The Austin Daily Herald from Austin, Minnesota on December 1, 1958 · Page 13
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The Austin Daily Herald from Austin, Minnesota · Page 13

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Monday, December 1, 1958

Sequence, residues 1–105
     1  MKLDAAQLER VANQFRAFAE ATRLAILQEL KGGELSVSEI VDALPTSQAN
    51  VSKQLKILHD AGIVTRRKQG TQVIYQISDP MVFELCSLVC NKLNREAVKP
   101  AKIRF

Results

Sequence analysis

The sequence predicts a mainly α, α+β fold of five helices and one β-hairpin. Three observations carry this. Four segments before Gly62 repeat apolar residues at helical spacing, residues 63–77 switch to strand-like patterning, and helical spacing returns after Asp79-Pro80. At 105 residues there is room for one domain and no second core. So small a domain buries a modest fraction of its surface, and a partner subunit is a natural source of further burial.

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MARKET Th« Auatln Barrn»i ami uradlng 180-170 ,.,.,., 170-180 ....... ISO-ISO 190-200 200-220 220-230 230-240 2 0-250 250-260 280-270 270-280 289-290 200-300 fiee. I, 19S« price* fcers paid OI1U NO, t No. 2 14.25 •NO. 3 16.26 17 »S....17.25....1B.8S ..,..1790... .17.80... .17.10 17.70....17.30....16,00 17.80....17.10. 17.30.,,,18.90. 17.10.... 18.70. 18.05. ...lfl.85. 18.85.... 18.49. 18.75.... 16.35.... 15.95 18.85.... 18.25.... 15.85 All butcher* weighing over 300 IIM nrc priced th« snme « «ow» of th* mm a wgt eiaMflieatlon PACKING SOWS 'trading Kn i N,, l 370-300 18.85....18.25. ::!>0-330 18.40.... 16.00. ;'.30-3fiO 18.15,...15.75. :«0-4<W 15.90....15.50. 00-450 lf.85....15.25. •'50-500 ..15.40....18,00, :.00-550 15.15....14.75. .-:50-up 14.88....14.25. STAGS Stag* under 400 ...,.,,, 11.50 Stags 400-600 10.75 3tttgs Over 600 9.75 underfimehed cull or filled hng» iwt be discounted accordingly. All W are subject to government inspection. t!W8 SPRING LAMB MA*"ET Prime .21.00 Choice lP.00-20.00 Oood 17.00-18.00 ,.18.50 ..16.20 ..18.15 ..18.05 No 3 ...15.85 ...15.80 ...15.35 .i.15.10 ...14.85 ...14.80 ...14.35 ...13.85 l checks 30; current receipts tin- luoted. CHICAGO (AP) - (USDA)-Pc- atoes arrivals 121; on track 192; otai U.S. shipments for Friday 32E Saturday 337 Sunday 14; supply moderate; demand moderate; market about steady; carlot track sales: Idaho russets 3.30; Idaho standards 2.60; Idaho bakers 3.85; Minnesota North Dakota Red River Valley pontlacs 2.60-2.70. NEW YORK (AP) - (USDA) Butter offerings liberal demand air; receipts (2 days) 506,000. Wholesale prices on 'bulk cartons (fresh); creamery, 93 score (AA) 59y 4 -59% cents; 92 score (A) 59-59%; 90 score (B) 59-59%. Cheese steady; receipts (2 days) Medium ...lS.50-lB.ro coironon 11,50 down All buck Iftmbt [Uncounted II pet nundred weight b? grade Umba over too pound* dtaeounted lOo per ewt nrr pound. Old crop itmbt »t muket VEAt MARKET eaivw of all weight! and r» purchased Choice 180-230 29.50-31.00 Good 180-230 26.50-28.00 Standard 24.50-26.00 Utility 180-230 Ibs ...22.00-23.00 Choice heavy 240-300 Iba. ..27.08-28.00 Oood heavy 240-300 Iba, ..25.00-26.00 Culls all weight 9.00-18.00 All calves over 300 Iba. dtacountert S3 C w*i' _ Veal calves will be accepted at Austin xintll 9:30 a.m. Friday. No market on Saturday, CATTLB MARKET u. 8. Prime ateera <5» yearlings 27.00-28.75 n. S Choice ateers & yearlings 25.00-27.25 a. a Oood steers & yearling* S3.25-25.75 0. 8 Standard steers ft yearlings 21.00-23.50 All heifers 50 cents to 75 cents CWT under steer prices. All steers over 1.050 Ibs. and heifers over 950 Iba, are discounted according to weight. U. 8. Commercial Cows ..17.25-19.75 U. S. Utility Cows ....16.25-17.75 Cutter 15.50-17.50 dinners .14.23-18.35 Fat Bulls 17.50-21.50 Sausage Bulls 18.50-23.50 Lt. Wt. Thin Bulls 14.00-16.00 AUSTIN GRAIN MARKET Soybeans $1.98 Oats Corn .S3 92 ST. PAUL LIVESTOCK SOUTH ST. PAUL, Minn. (AP) (USDA) — Cattle 7,000;. calves, 3,000; slaughter trade fairly ac live; steers and heifers steady; cows fully steady; bulls strong; shipment average choice to prime 1092 Ib slaughter steers 28.00; most good and choice steers 26.00 27.00; bulk good and choice heifers 25.50-26.50 with shipment average to high choice around 950 Ib Iowa Mishaps Over Weekend Take 10 Lives By fttfi ASSOCIATED Pftftft Ten persons lost their lives In Iowa over the long thanksgiving weekend, six of them traffic fa- alities. Ronald Jerry Hajjge, 28, Clinton was killed in a one car accident Sunday on ,wo miles north 88,000. Wholesale sales, American cheese (whole milk); single daisies fresh 37»/4-39'/4 cents; single daisies aged 48-51; flats aged 48-51; processed American pasteurized 5 Ibs 37-38H; domestic- swiss (wheels) grade "A" 45-52; grade "B" 43-49 grade "C" 42-48. Wholesale'egg offerings liberal; demand spotty today; receipts (2 days) 25,500. (Wholesale selling prices based on exchange and other volume sales). New York spot quotations follow: includes midwestern: mixed colors: extra (48-50 Ibs) 37-38V4; extras large (45-48 Ibs) 35M.-37; extras medium 32-32V4; smalls 30-31; standards large 35%-36%; checks 34-35. Whites: extras (48-50 Ibs) 39%; extras large (45-48 Ibs) 35!£- 37Mi; extras medium 32-33. Browns: extras (48-50 Ibs) 38-39. NEW YORK PRODUCE NEW YORK (AP) - (USDA) Dressed poultry: There were too few wholesale sales to report prices on turkeys; squabs and ducks steady; squabs, ice packed, 11 Ibs and up per dozen 85-95, mostly 90-95, 9-10 Ibs per dozen 80-85. Ducks, Long Island, crates fresh ice packed 27-29, frozen ready-to- cook 39V2-42. NEW YORK (AP) - Canadian dollar in New York open market 3 9-16 103.56V4 cent. per U.S. cent cents premium or up 3-32 of a Teamos Strike in Minneapolis Not Yet Settled MINNEAPOLIS (AP)-A Team sters strike against the Sinclair weights 26.75; utility and commer-! Oil Co. continued here today al cial cows 17.50-19.50; with few high I commercial up to 20.00; cutter and I utility bulls 21.50-23.00; occasional | strong weight utility bulls 23.50; J commercial and good bulls 21.00- I 23.00; vealers and slaughter \ calves steady although top on veal; | ers 1.00-2.00 higher ; good and 1| choice vealers 27.00-31.00; high •1 choice and prime 32.00-36.00; good •'<! and choice slaughter calves 23.00- j 27.00; stockers and feeders active and fully steady; shipment choice around 600 Ib yearling stock steers 1)0.00; load mostly choice 449 Ib steer calves 35.00; good and choice 283 Ib heifer calves 33.00. CHICAGO LIVESTOCK CHICAGO (AP) — The butcher U. S. 67 about fo Princeton in Scott County, Officers said his car ran off the road. Earlier in the day, Mrs. ttaldya Schroeder, 60, Waterloo, was killed when she and her husband were rying to start an auto belonging to her daughter. Officers said a car driven by John Rieter, 40, Waterloo, struck the Schroeder car from behind, crushing Mrs. Schroeder betv/een ler car and her daughter's. The other traffic fatalities were: Elmer C. Pederson, 37, Lawton, killed Friday night when his car went out of control on U. S. 20 east of Sioux City. Mrs. Keith Bader, 19, LaPorte City, expectant mother killed Friday while oh the way to Cedar Rapids to do Christmas shopping. The car in which she was riding was involved in a collision on U. S. 151 three miles west of Springville. Gunnar R. Overland Jr., Ames, was killed Thursday nigiit when his car collided with a semi-trailer truck on U, S. 69 south of Ames. Ray Dawson, 19, Badley, died Wednesday night in a Jefferson hospital of injuries suffered earlier in the day when his car went out of control on a gravel road near Bagley and overturned. Shooting accidents accounted for three other holiday fatalities. Mrs. Opal Hilton, 28, and Don aid Hill, 16, both of Des Moines, died Sunday of gunshot wounds suffered in separate accidents the day before. Robert Blackwell, 25, Des Moines was fatally wounded in a gun ac cident Friday while hunting in th' Coralville Reservoir area Friday. Edwin Campen, 22, Wiota, was killed Saturday when the tractor he was driving in a field near Wiota overturned on him. though a wage settlement hac been reached by two locals and five national oil firms, Sinclair four others which distribute and gasoline and fuel oil in the Twin Cities area. The strike of Sinclair by some 20 drivers and warehousemen, which began Nov. 19, will continue pending settlement of non-wage issues. The settlement announced Sunday covered some 120 employes of Continental Oil, Phillips Petroleum, Skelly Oil, Shell Oil and Sinclair, said Ray W. Abrahamson, chairman of the employer negotiating ployes are 3 Children Die in House Blaze CAMERON, Mo. (AP)-Flames destroyed the four-room home o a garbage collector Sunday, three children. This northwest Missouri town o 3,500 rallied quickly to the aid o 52-year-old Josh Jackson and eight other survivors. Seven o them were- injured. Dead are two of Jackson's sons Josh Ewell, 11, and Francis, 9 and a grandson, Anthony Ginn, 1 months. Anthony was killed by a falling beam as his mother Mrs committee. The_ em- j am es Ginn, 19, carried him ou represented by Team hog market weakened today with' sters Local 977 in Minneapolis and the setback running to as much as ,")0 cents a hundredweight on offer- Sows were Local 975 in St. Paul. The settlement included a 10- cent hourly pay raise effective Nov. 1 and an agreement to re- ings over 230 Ibs. steady to weak. Slaughter steers steady to 501 open the contract for further wage higher; vealer prices steady at $32 down. Sheep market in largest supply since Jan. 7. Buyers paying $2022 for wooled good and choice grades at $21-21.50 for mostly choice shorns; ewes bringing $6-8. CHICAGO (AP)—(USDA)—Hogs 13,000; slow; weak to 25 lower on talks next May 1. Junior Rosa Bowl Opponents Homed PASADENA, Calif. (AP) Northwestern Oklahoma A&M's j Golden Norsemen were named to- butchers 230 Ibs and less; heavier! day , to meet Santa Monica cit y 25 to 50 lower; 2-3 mixed grade ^ College ' s Corsair s i" the annual 210-235 Ib butchers 18.25 - 18.75; Junior Rose Bowl footba11 \vith a few lots early around 210215 Ibs 18.85-19.00; several hundred mostly 1-2 190-220 Ibs 19.0019.25; and a few lots mostly Is these weights 19.25-19.40; 103 head of the house. The other two per ished in the flames. All were Negroes. Cause of the fire was not known Sixteen women reported to th hospital to help care for the in injured. Ministers had mimeo graphed lists of the survivors clothing sizes by the time churc services began. Churchgoers gav $250 and quickly rounded up furm ture to equip a vacant house. Junior Rose Dec. 13. game STOCKS Is 200 Ibs sorted for weight 19.50; mixed 2-3 230-250 Ibs 18.00-18.50; 2-3 mixed grade 260-290 Ibs 17.5018.00; a small volume mostly 35 300-320 Ibs 17.00 - 17.25; mixed grade 330-400 Ib sows 16.00-16.75; j Amerada most 400-550 Ibs 15.00-16.00. Cattle 19,000; calves 200; sl%pgh- NEW YORK (AP) - 1 p.m. Stocks: AT&T Anac Co Armco Stl Armour Beth Steel Boeing Air 62Vi 22 49% 50 | dies 9 o '!C MSPP j Chi & NW ter steers steady' to 50 higher; prime show steers 29.00; bulk choice and prime 26.50 • 28.50; a few loads choice over 1,350 Ibs down to 25.75; good steers 25.0027.00 according to weight; 2 loaflsj., 975 Ibs at 27.00; carrying a choice Case J l end; a load of utility and standard 1,100 Ib Holstein 23.25; 2 loads choice and prime 950-1,050 Ib heifers 28.00; good to high choice >, , 25.50-27.75; utility and commercial 1^7,.^;^,. cows 17.25-20.50; canners and cutters 15.00-18.50; utility and commercial bulls 22.00-25.00; vealers 32.00 down; a load of good 1,051) Ib feeding steers 25.75. Sheep 5,000; early sales steady with last week's close; a sizable number still unsold; good and choic» 90-110 Ib wooled slaughter lambs 20.00-22.00; cull to low good lti.00-19.50; mostly choice 95-107 lbj FordMtr shorn lambs with No. 1 and fall' Gen Elec shorn pelts 21.00 - 21.50; cull to Gen Foods choice slaughter ewes 6.00-8.00. CHICAGO PRODUCE CHICAGO (AP)—Chicago Mercantile Exchange - butter steady; receipts 435,000; wholesale buying : Greyhound 18U prices unchanged; 93 score AA'Homeitk 40> 4 58; 92 A 57 3 .i; 90 B 57; 89 C M'.i; cars 90 B 57's; 89 C 57. Eggs about steady; receipts 17,400; wholesale buying prices unchanged; 70 per cent or better grade A whites 34 3 ,i; mixed 34^i;', Bid mediums 30; standards 33; dirties 53?» Abbott L 69^4 Intl Paper Allied Ch 89 a i Jones & L Allied Sirs 52^ Ken'cott AllisChal 27% Lord'lrd 101 V 4 Lukens Stl Am Can 50 J , 2 Minn MM Am Mtrs 34 Vi Minn P&L 199Vi Mon Chm Mon Dk U Mond Wrd Nat Dy Pr No Am Av Nor Pac Nor St Pw Norw Airl 67 Penney 24% Phil Pet 30^ Pure Oil Radio Crop Rep Steel Rey Tob B Rich Oil Sears Roe Shell Oil Sine Oil Soc Mob St Brands St Oil Cal St Oil Ind St Oil NJ Stud pack Suuray Swift & Co Texas Co Truax Tra Un Oil Cal Un Pac U S Rub U S Steel West Un Yng S & T George A. Uormel & Co. Coiiunou Stock (Wright Wells & Co.) Cons Ed Cont Can Cont Oil Deere Douglas Dow Chem du Pont , Firestone Gen Mtrs Goodrich G<xxiyear Gt Nor Ry 28V* 52 'i 59% 52 V» 58V4 58% 56'i 47'z 58 73Vi 199'i 136' a 119 48 70 73 1 4 129- 56% 98 82% 68Vi 105 32% 38% 31 4U» 48% 40% SO'i 21% 27 l ,i 106',z 46 40% 43Vi 69 ft 85 108U 36! a 81 Va 62% 49 60% 60'.4 47% 58% 15^8 26 33 7 ,i. 85% 22 44 l i 36V» 45'i 86'.8 31 Ad in Boston: Mayor Wantec BOSTON, Mass. (AP)—This un signed advertisement, bearin only a box number, appeared ir the help wanted section of Bosto newspapers Sunday: "Mayor Wanted for Boston, "Boston has been governed b an administration devoid of scan dal. Many attempts have bee made to lighten the burden of th Boston taxpayers. But, unfor tunately, selfish interests hav prevailed. "We are looking for an efficienl progressive business man to con tinue to build Boston above th solid foundation which now exists "If you qualify and will no compromise with principle w are in a positoin to organize an help finance your candidacy. A pertinent information should given in the first letter." Mayor John B. Hynes has sal he will not run for re-election. 5 Earthquakes Jolt California LOS ANGELES (AP) — Fiv earthquakes jolted Southern Ca: fornia Sunday night from Los Angeles to the Mexican border 180 miles away. Only one of the quakes did any damage but the series of sharp IME TO READ TEA LEA VIS Most of Forecasters Look for Good Business in 1959 By SAM DAWSON AP BinlnegB Newt Analyst NEW YORK (AP) - Just as une Is the month of brides De- ember is the month of those who ad tea leaves to foretell the fu- ure of business. And already the predictions are r better days ahead — perhaps ecause the days behind weren't otably too good. The Agriculture Department is ut on the limb with a forecast mt everything will be better in 959 except farm income. This mb is a bit shaky because farm come depends on many things, ut a major one is weather. And ven Washington isn't too confi- ent when predicting weather. Expect Business Gain Most corporate executives now olding forth think business will e better—particularly for their wn firms. They're counting heavily on the onsumers. And the Prudential In- urance Co. of America says that onsumers will spend 16 billion ollars more next year for a rec- rd 307 billion dollars. The share that will go for con- sumer durables—autos, household appliances and the like—will rise from this year's 36% billion dollars to 40 billion dollars next year and 46 billion in 1960, according to the economists of McGraw-Hill, business publication firm. Activity Indicated Dun & Bradstreet says all but a handful of 109 corporate executives it queried expect business to be better next year, although none predicts an out and out'boom until the 60's. F. W. Dodge Corp., which keeps a watchful eye on construction contract awards, reports that they've been setting monthly records the last six months, and that should mean plenty of activity in the months ahead. Prudential economists spread their optimism over more territory than almost anyone else. They predict: 1. A substantial increase in employment (1% million more jobs); 2. A rise in wages (although maybe at not quite so fast a rate as in the past); and 3. Gains in corporate profits (although not much change in dividend payments). Business will reverse its 1938 policy of living off inventories and, will start adding to them again in 1959. This should add 7% billion dollars to national output, say the insurance men. They also think business will spend more on plant and equipment, some two billion dollars more. On perhaps surer ground, they predict that federal government spending will rise by 3'/fe billion dollars, state and local spending by four billion dollars. Home Building Up F. W. t>odge also reports contracts for residential building so far this year are 10 per cent ahead of last year. And the insurance boys think 1959 should see home buyers shelling out one billion dollars more this year, with housing starts rising by 50,000 to VA billion units. But prices of most consumer goods, the Prudential economists say cheerfully, will be restrained from rising much during the first half of 1959 because of "the temporary excess in the labor force, togehter with increased productivity per manhour and an excess in plant capacity." Senate Plans Coin Machine Racket Probe WASHINGTON (AP) — Senate ackets probers open four weeks f public hearings Thursday on extent of racketeer control in le coin machine business. Before launching that seven- tate probe, the special Senate in- estigating committee said, it will ook into allegations of extortion nd rigged bids on contracts in- olving some unnamed Chicago ontractors and officials of the iheet Metal Workers Union.. More than 100 witnesses are exacted to appear during the engthy coin machine hearings. These will center on activities in York, Florida, Michigan, II- inois, Ohio, California and In liana. Witnesses have been summoned also from Colorado, Rhode sland, New Jersey and Louisiana. McClellan said the hearings wil ocus on whether unions involvec n the industry were formed for egitimate union aims or to work with management in an effort to monopolize the industry. QUITO, Ecuador (AP) — Three ears ago primitive warlike Auca ndians murdered five American missionary men who sought to each them the Gospel in the deep jungle of eastern Ecuador. Today the widow and 4-year-old child of one of the slain men and he sister of another are on their Owatonna Girl Wins 4-H Scholarship CHICAGO (AP) — Four North west area girls were among 34 4-t club boys and girls named recip ents today of $400 scholarships as i result of outstanding work in club projects. The scholarships were awards during the 37th annual Nationa 4-H Club Congress. Winners in. eluded Car olee Kambich, 21 Glenn, Mont; Donna De Krey, 17 Steele, N.D.; and Catherine Sech ser, 18, Sioux Falls, S.D., in the food preparation division, and Josephine Gute, 18, Owatonna, Minn in clothing competition. TEMPERATURES Alexandria Bemidji Intl Falls Redwood Falls Rochester St. Cloud Duluth La Crosse Madison Mason City Minot Fargo Rapid City Calgary Edmonton Regina Winnipeg The Pas Albany, snow Anchorage, cloudy Albuquerque, clear Atlanta, cloudy Bismarck, cloudy Boston, cloudy Buffalo, cloudy Chicago, clear Cleveland, clear Denver, clear Des Moines, cloudy Detroit, cloudy Fort Worth, rain Helena, clear Indianapolis, clear Kasas City, clear Los Angeles, clear Louisville, cloudy Memphis, cloudy Miami, cloudy Milwaukee, cloudy Mpls.-St. Paul," cloudy New Orleans, cloudy New York, cloudy Widow of Slain Missionary Continues Gospel to Jungle Boy, 3, Escapes Injury in Fire A 3-year-old boy suffered "heat marks" but no burns when the bed, where he was playing caught fire ,his afternoon. The boy, Mark, son of Mr. am! Mrs. Leonard Dingley, 905 Bau man, was playing in his upstairs bedroom when he screamed "Ma/ Dingley, who was down rushed upstairs, grabbed ma. Mrs. stairs, her son off the bed, and pulled the flaming mattress to the floor, to keep flames from spreading to the adjacent wall. But the flames spread to the mattress of the other bed in the room, damaging both mattresses. Then she called Austin firemen who had the blaze out within 13 minutes. The call came in at 12:45 p.m. Another child; Cathy, 2, was playing in another bedroom at the time. Firemen said apparently the boy was playing with matches. way back to civilization after making friends with the Aucas who killed their men. They spent 53 days in their village. < -The women are Mrs. Betty Ellot, 32, Portland, Ore., and Rachel Saint, 40. With them is 4-year- old Valery Elliot. The two women plan to return to the Aucas after a short rest. Other missionaries may accompany them. After Mrs. Elliot's husband anc Miss Saint's brother were killed with three other missionaries, the two women decided to take up the work of their men. At the missionary outpost Arajuno, in the Amazon jungles they won the friendship of an Auc woman who had quit the tribe am six other Auca women and thei three children who had come t Arajuno on a peace mission Friendly Quichua Indians finall; took all the women -to the Auc village on the Curaray River, three-day canoe trip from Ara juno. Mrs. Elliot and Miss Saint kep in touch with Arajuno by short wave radio. A missionary plan dropped supplies to them regula: ly. Four days ago the Quichuas Negotiators to Draft Treaty on Test Ban GENEVA (AP)-East-WeBt ne- otiators have agreed to start rafting a treaty on a controlled uclear test ban even though they re still far apart on the main ssue. After four weeks of sparring on 'hieh must come first, the ban or a system to enforce it, the British, imerican and Soviet delegates greed Saturday to hold their irst real negotiations of the con- erence. Each side gave in a bit. The West temporarily dropped its demand that the Soviet Union first xrtnmit herself to the details of a control system to detect sneak ests. Instead, the British and Americans proposed that the con- erence discuss a test ban which hey said would be linked inseparably with the control system. The Soviet Union agreed to the liscussion, after having previous- 'y held out for a permanent ban is the first step. But Western delegates saw no :hance of ultimate agreement on i treaty if the Soviets remain adamant against accepting an in- ernational system to detect ests. The 10-nation conference on pre renting surprise attacks remained deadlocked, with the Soviets reusing to discuss Western techni- al papers and the West refusing o take up political questions on lisarmament and the cold war hat the Soviets have proposed. H L 25 2 19 -5 9 -2 .0 31 7 23 17 2(i 12 T 11 9 19 15 19 15 23 15 37 5 T 27 1 62 34 4 31 20 13 22 3 9 -6 4 -0 20 13 .01 -4 T 32 36 18 18 16 17 14 American Assn. Adds 2 Teams WASHINGTON (AP) - The American Assn. today purchased the Houston, Dallas and Fort Worth franchises from the Texas League and officially became a 10- team circuit. The announcement was made jointly by presidents E d w a* d Doherty of the American Assn. and Dick Butler of the Texas League after separate league meetings. The deal was contingent upon the Texas League getting eight suitable major league working agreements. left for the village to bring ou the two white women and th child. BRIDGE DIRECTOR DIES DETROIT (AP) _ Charles A, •tall, about 65, of Cincinnati, s ong-time director of the Amerl can Contract Bridge League, diec Sunday of a heart attack. In World War II, 12,000 army and navy nurses went overseas. Kurd tin happy tews fir FOLKS ON A BUDGET? A niifv. treaty Plan 30DP MX* MONTHLY CASH BENEFITS when you're hid up by covered disabling accident or sickness. Plans costing less than 14^ a day, for preferred male risks under 39, are available. Phone, visit or write for free details today JOHN LAWRENZ 1906 MeKlnley • Austin Phont HE 3-4625 Mutual if Omaha •• Mimral lmf» HtaMt & Atdd«« Have You Planned Your Christinas Party? It will pay you to look into the beautiful new party facilities at King's Wood. You'll be amazed at the surprisingly low prices! Whatever your party needs, whatever your budget, you'll get the most for your party dollar at the KING'S WOOD HOTEL Call us and see for yourself. Ask for Geordie Hormel at HE 3-7373. .06 62 28 27 56 50 17 49 78 26 48 78 19 24 61 28 Oklahoma City, cloudy 57 Omaha, clear Philadelphia, cloudy Phoenix, clear Pittsburgh, cloudy Portland, Me., cloudy Asked 55% jolts shook up thousands of resi-lPortland, Ore., rain dents in three counties. JRapid City, cloudy Hardest hit was Calexico, ou the (Richmond, clear Mexican border in Imperial Coun-'st. Louis, clear ty. Plaster fell from the ceiling; Salt Lake ' City clear of a market, windows were jSan Diego dear shattered and canned goods tum-; San Francisco deai . bled from the shelves. No one was! Seattle rain " ljured " Tampa', cloudy Washington, cloudy T—Trace Read the Classified Ads 32 28 71 20 22 51 W 39 2ti 44 75 65 51 77 29 27 23 17 43 32 9 34 52 14 40 67 13 17 48 24 43 25 20 47 11 12 34 ia 24 21 50 52 48 57 23 .30 ALL MODERN 2 BEDROOM HONE 102 WEST ALLEGHENEY Will BE SOLD AT PUBLIC AUCTION TUESDAY, DECEMBER 9 al 7 P.M Wood frome lovely all modern 2 bedroom home. Large living room; Dining room with new builtin china cupboords; Living room, Dining room, hallway and stairway all newly carpeted; Kitchen w'^fh builtin cupboards; 2 large bedrooms upstairs with closets to each. Linen closet; Full bath beautifully tiled in plastic; Full basement with stool, shower, hot water heater and nearly new forced air gas furnace. Lot approximately 40 by 100 ft. Shade trees, sidewalks, curbs and single garage. As we hove purchased another home we wish to • bedroom home invite you to inspect this cozy and plan to attend the sale. Inspection 2 to 5 and 7 to 8 p.m. daily. Free guessing contest. TERMS: $1000.00 down day of sale. Balance to present loan when possession is given Possession Dec. 20, 1958. Present Toon is $6100.00 which is Gl with interest 4'/z% payable $75.00 per month which includes Principal, interest, taxes and insurance. ALFRED WEBER, OWNER COLS. HULL AND THOMSEN, Auctioneers .12 .06 .26 ALL MODERN 3 BEDROOM HOME Located 4Vi miles East of Austin en Highway 16 first corner past Nicols Mobile Station then 1 block north. WILL BE SOLD AT PUBLIC AUCTION WEDNESDAY, DECEMBER 10 at 7 P.N. All modern 3 bedroom home with garage and breezewoy. Large living room end dining room combined. All carpeted including stairway. Venetian blinds Spocioub kitchen with plenty of built- in cupboards. Inlaid linoleum on floor. 1 bedroom on first floor with large closet. 2 lovely bedrooms upstairs with large closet. Full basement with good Stoker furnace. 50 gal. electric hot water heater. Breeienay end garage. Large lot approximately 66 by 137 ft. Lovely shade trees. This is really a very choice lot. Free guessing contest. You are invited to inspect this home from 2 10 5 and 7 to 8 P.M. daily. We have purchased the home next door. You will find this a very cozy home with all the comforts of an expensive place. LOCATED IN THE AUSTIN SCHOOL DISTRICT. TERMS: $1000.00 down day of sole. Balance when possession is given. Possession can be had immediately. DONALD E. STALEY, OWNER COLS. HULL AND THOMSEN, Auctioneer* New York Man New AP Editor NEW YORK (AP-Samuel 0. lackman, 54, chief of the New 'ork bureau of The Associated ress, was named general news Htor of the AP today. The appointment was announced f General Manager Frank J. tarzel. Blackman succeeds Paul Mickelson, 59, who died 10 days 8°. Blackman, a native of Port Jeris, N. Y., has been with the AP ince 1931. During his career, Blackman as covered some of the biggest ews stories of the time. He was ssigned to the Lindbergh kidnap ase" from the night of the abduc- on until the execution of Bruno Richard Hauptmann. He also cov- red the Morro Castle fire and he crashes of the airships Akron nd Hindenburg. Blackman's successor as New 'ork bureau chief will be named ater. AUSTIN (Minn.) HERALD Monday, bee, I, 1958 13 Scientists Working on Measles Vaccine INDIANAPOLIS (AP) Scien ists at the Eli Lilly & Co. drug irm here hope to perfect a measles vaccine within a year he firm announced today. The Lilly statement came on he heels of Public Health Service tatistics showing measles caused more deaths in the United States ast year than infantile paralysis. Dr. Thomas P. Carney, the drug firm's vice president in charge of research, said the vaccine would be made from dead measles virus—much as Salk polio vaccine is manufactured from dead polio virus. Simpson Dies; i Man Who Lost J Wife to King \ LONDON (APT - firtiesl Simp- * son, who lost hjs Wife to King JS^ ; ward Vlll, died Sunday after H ; ong illness. He was 62. t -\ ' Simpson was the second bus- , band of Wallis Warfield, the 1 duchess of Windsor 1 , who divorced ' him In 193? and then married Ed» \ ward VIM after he abdicated. A successful and wealthy ship- ' ping broker, Simpson kept out dt , the limelight after his divorce from "Wally" Simpson and, refused offers of up to 100,000 pounds ($280,OOQ) to publish his;," memoirs- '"•:, He had suffered from a throat,"', ailment for more than a year and •' had been hospitalized two weeks ago. His fourth wife, the .former;^ Mrs. Avril Leveson-Qower, wa«.» with him when he died in London'* 'V Middlesex Hospital. '•-• Simpson was born in Kew^Yorfc'^- and had a british father and an American mother. He chose hit'-.father's citizenship and served in'., the Coldstream Guards during: World War I. . . ' ; His first marriage, to Mrs. Dor; ;i othea Parsons, ended fa divorct "•; in 1928 and he then married Wai- '• lis Warfield of Baltimore. After':; their divorce he married Mrs*'* Mary Kirk, Raff ray of Baltimore,' a close friend of the duchess, wh<», ' died in 1941. He married Mrs^ Leveson-Gower in 1948, Simpson and the duchess had remained friends and she sent him a bouquet of flowers during h,ir~ illness last year. "U, - * V* In Your Hour of Need . careful details in Worlein services in the budget range families. 606 Lansing Avenu* Hemlock 3-5000 AUCTION As my fothir has sold his farm, I will discontinue farming and will sell all my personal property at Public Austin, located 1 mil* North of the corner station at Claremont, then Vt mile West; or II miles East of Owatonna on Highway 14 to corner station, then 1 mile North and Vi mile West; or 4'/z miles West of Welt Concord, then 6 miles South and Vi mile West. THURSDAY, DECEMBER 4 SALE STARTS AT 11 A. M. SHARP CATHOLIC LADIES WILL SERVE LUNCH 70 Head Very Choice Holslein Caiile THIS IS AN OUTSTANDING HERD, BIG TYPE, ALL YOUNG COWS AND GOOD PRODUCERS. IF IN NEED OF DAIRY COWS, BE SURE TO ATTEND THIS SA1E. AIL HEIFERS CALFHOOD VACCINATED. NO REACTORS. 6 lit Calf Heilen — t fresh, calf at sidi. s Close-up Springers 7 2nd Calf toilers, qll fresh with calves at sldi (calfhood vaccinated) 17 3rd Calf Cows, 10 fresh with colvei at side 6 3rd Calf Cows, fresh i to I weeks 7 Long Ytarling Open Hellers 10 Short Yearling Op«n Heiferi 3 Perfection single unit Milkers Surge 4 Unit Pump with motor and pipeline for 30 cowt S can Cooling Tank Farm Master Feed Cart on rubber Cans, Pails, etc. 75 HEAD of HOGS <0 Chain Feeding Sh«gtt, 60 and 71 Ibi. *ach. 14 Bred 2nd Litter Sows, bred t* f arrow tn March 1 Purebred Yorkshire Boar, originate! from Donald Trapp herd Hog Woterers, Self Fetders, Troughs 150 CHICKENS ISO Tanner Crots Yearling HIM, wry good flock, laying exceptionally well 12x16 Brooder House Chicken Equipment HEED 500 balei of Alfalfa and Clover H«y, all In barn App. 200 bales of Straw 15 ft. Corn Silage in 14-ft new cement jrqve silo FARM IMPLEMENTS COMPLETE LINE OF GOOD POWER MACHINERY 1949 Allii Chalmers "60" Combine, motor driven, all attachments 1956 John Deere "290" Power Corn Planter, on rubber, fertilizer attach. 1957 McCormick-Deerina 4 - section Steel Lever Drag, folding cveners 1949 McCormlck-Deerlng "M" Tractor, Wide Front End Lights, Starter, Hydraulic Pump. Very good shape. 1949 McCormick - Decrina Model "C" Tractor, all overhauled in July 2-row Cultivator and Power Mower, Mt. cut, for "C" tractor 1937 Oliver 70 Tractor, starter, lights. Very good shape 1956 New Idea High Speed Side Rake 1956 John Owe 8-ft. Tandem Disc 1956 John Deere l-ft. Reid Cultivator, on rubber, power litt John Deere 15-ft. Wing Disc 1959 Oliver Radex 2-bot. 16-in. Tractor Plow, on rub^xr 1957 Buster Brown 2-section Rotary Hoc Oliver 2-bot. IMn. Tractor Plow Oliver 2-row Pull Type Corn Picker 1952 New Holland "77" Automatic Baler with motor McCormick - Deering t-fr. cut Binder or Swathcr, good canvas McCormick - Peering Corn Binder Minnesota All Steel Hay Loader 11-ft. Broadcast Seeder Minnesota Dump Rake McCormick . Deering Mower, I - ft. cut, oil bath gears 2 Mock 4-ton Rubber Tir» Truck Wagon; Rubber Tue Truck Wagon and good Hay Rack Combination Chopper and Bolt Rack Steel Flare Top Wagon Box 2 Wood Flare Top Wagon Boxtl Little Giant 12-in. Hammer Mill with hopper 50-ft. End/tit Rubber lilt 2 Wood Wheel Wagons David Bradley 16-in. Ensilage Cutter iind 40 ft. pip* Owatonna J6-lt. All Steel Hay, Corn and Grain Elevator, 01 rubber John Deere Tractor Manure Sprtgdtr, on rubber New Holland Cylinder Cora Shellw 20 Cement Culverts MISCELLANEOUS S Oil Barrels Co* Pump Oil Pump Slat Cora Cribbing Owatonaa Fanning Mill 2 Vises 2 Log Chains Spark Plug Pump Machine Jock Speed Indicator Pump Jack 2-Way Pump 2 750x20 Tirei and Tubes, like new Forks, Tools and miscellaneous LIBERAL CREDIT COMPANY TERMS: moved until settled for. No property to b« r«- Elwood A. Mifllestadl, Owner Leonard Wendorf, Owatonna, & Paul Hull, Austin, Aucts. Farmers Credit Co., Claremoat, Ctorfc